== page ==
From the inside cover:
"In Golden Holocaust, Robert N. Proctor [Professor of the History of Science at Stanford University] draws on reams of formerly secret industry documents to explore how the cigarette came to be the most widely used drug on the planet, selling six trillion sticks per year."
Just by picking up this rather heavy and heavily documented book, you feel at once as if you are both wiser and more tarnished for the effort. With over 100 pages of notes, a timeline of global tobacco mergers and acquisitions and a lexicon of industry jargon, you realize that Proctor's aim isn't so much to convince as it is to logically impress. As if to say, what could be more obvious than the devious nature of big tobacco? And now, for the solution! As a culture that (sometimes) resists anything so Orwellian as bans and prohibitions and totalitarian belt-cinching, his argument may be difficult to embrace. He has certainly succeeded in coaxing you to try.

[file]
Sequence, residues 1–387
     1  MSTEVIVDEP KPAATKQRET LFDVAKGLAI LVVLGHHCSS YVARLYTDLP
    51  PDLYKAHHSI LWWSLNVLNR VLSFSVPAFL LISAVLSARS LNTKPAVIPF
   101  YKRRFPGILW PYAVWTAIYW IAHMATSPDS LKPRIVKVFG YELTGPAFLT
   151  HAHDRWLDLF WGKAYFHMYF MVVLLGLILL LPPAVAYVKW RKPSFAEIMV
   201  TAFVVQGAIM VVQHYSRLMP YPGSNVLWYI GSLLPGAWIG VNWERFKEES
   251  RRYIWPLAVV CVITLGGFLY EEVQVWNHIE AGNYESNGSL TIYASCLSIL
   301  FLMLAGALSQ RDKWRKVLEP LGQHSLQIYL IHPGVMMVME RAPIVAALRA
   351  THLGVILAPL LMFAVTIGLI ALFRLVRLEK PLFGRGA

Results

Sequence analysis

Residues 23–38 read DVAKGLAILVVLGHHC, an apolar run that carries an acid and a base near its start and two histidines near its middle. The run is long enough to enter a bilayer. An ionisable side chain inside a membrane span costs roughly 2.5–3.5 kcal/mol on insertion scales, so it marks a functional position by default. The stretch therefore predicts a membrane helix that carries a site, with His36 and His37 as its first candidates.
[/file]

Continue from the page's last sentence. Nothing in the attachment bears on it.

For a more detailed review by Peter Monaghan in The Chronicle of Higher Education:http://chronicle.com/blogs/pageview/smoking-out-tobacco/30192
Jennifer Nace, Research and Instruction Librarian